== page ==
Imagine you are a coin and you flip yourself 100 times. Record ten rows of ten outcomes you create. One the other grid toss a coin 100 times and record the outcomes. Give the coin a good toss [or use a die and record odds (H) and evens (T).]  Look at both results. One generated by you, pretending to be random, and the other recording a randomly generated result. What do you notice? Write about any curiosities or patterns you notice.

Being random is actually quite difficult. For hundreds of students who have endured the above experiment not a single one noticed anything. I would ask them to put the two grids side by side and take great enjoyment walking around the room quite quickly telling each student which one they generated. My success rate was 100%. I would tell them I was a mind reader or a magician. In fact all I was doing was looking for the grid that had a long run of 5 or even 6 H’s or T’s.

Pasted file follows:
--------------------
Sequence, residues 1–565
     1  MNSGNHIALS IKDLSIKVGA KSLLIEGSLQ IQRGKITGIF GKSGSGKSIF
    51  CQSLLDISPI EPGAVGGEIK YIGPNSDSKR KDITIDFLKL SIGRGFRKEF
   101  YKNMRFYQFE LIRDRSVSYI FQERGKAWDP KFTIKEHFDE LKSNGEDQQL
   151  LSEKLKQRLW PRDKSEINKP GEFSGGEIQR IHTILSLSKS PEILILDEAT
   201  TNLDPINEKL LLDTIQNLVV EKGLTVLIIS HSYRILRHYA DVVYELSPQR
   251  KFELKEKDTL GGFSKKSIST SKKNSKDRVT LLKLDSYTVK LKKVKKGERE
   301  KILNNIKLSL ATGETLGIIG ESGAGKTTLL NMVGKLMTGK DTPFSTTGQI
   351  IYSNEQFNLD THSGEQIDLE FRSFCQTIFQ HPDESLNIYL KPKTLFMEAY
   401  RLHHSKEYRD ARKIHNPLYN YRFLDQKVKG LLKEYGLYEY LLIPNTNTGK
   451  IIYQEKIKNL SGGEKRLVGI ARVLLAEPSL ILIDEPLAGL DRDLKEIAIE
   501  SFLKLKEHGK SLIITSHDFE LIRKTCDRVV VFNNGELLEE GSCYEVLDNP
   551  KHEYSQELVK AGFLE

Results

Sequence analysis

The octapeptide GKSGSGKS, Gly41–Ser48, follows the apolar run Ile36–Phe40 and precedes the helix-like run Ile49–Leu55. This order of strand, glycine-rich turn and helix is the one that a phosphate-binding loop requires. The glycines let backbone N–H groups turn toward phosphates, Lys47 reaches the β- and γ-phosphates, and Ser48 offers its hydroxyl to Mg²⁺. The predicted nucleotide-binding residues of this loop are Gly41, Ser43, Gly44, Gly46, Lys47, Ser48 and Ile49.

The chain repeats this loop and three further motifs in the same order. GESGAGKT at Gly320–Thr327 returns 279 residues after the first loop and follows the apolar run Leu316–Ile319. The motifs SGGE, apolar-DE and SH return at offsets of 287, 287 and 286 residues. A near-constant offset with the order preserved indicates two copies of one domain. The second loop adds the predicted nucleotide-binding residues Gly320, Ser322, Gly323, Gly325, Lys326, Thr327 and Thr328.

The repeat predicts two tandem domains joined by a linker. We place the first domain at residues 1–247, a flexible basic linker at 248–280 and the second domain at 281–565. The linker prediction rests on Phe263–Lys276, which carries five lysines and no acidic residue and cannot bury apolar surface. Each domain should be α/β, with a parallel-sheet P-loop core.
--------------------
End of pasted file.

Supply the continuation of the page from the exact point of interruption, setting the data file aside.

Humans convince themselves that after 2 or 3 heads it is almost certain that a tail will happen and never write HHHHH or TTTTT. Did you notice? Noticing is very important in mathematics. Learning how to “see” from different perspectives too.

Square Numbers

This is a group of numbers with particular importance in mathematics. A square is the number multiplied by itself. For example 7 x 7 = 49. 49 is a square number.  The diagrams show the first 100 numbers listed in 10 rows of 10 consecutive numbers, and the basic facts for multiplication for all the Natural numbers 1 to 10.

On both charts circle or colour all the square numbers you can “see”.

Write about any patterns you notice.

The obvious one on the multiplication tables chart is the sloping diagonal 1x1 to 10x10.

Explain why the diagonal of square numbers appears.

Now on the Hundreds Chart colour or circle all the square numbers. They seem to be chaotic or random in the way they bump around from one line to the next but all the time getting larger and larger.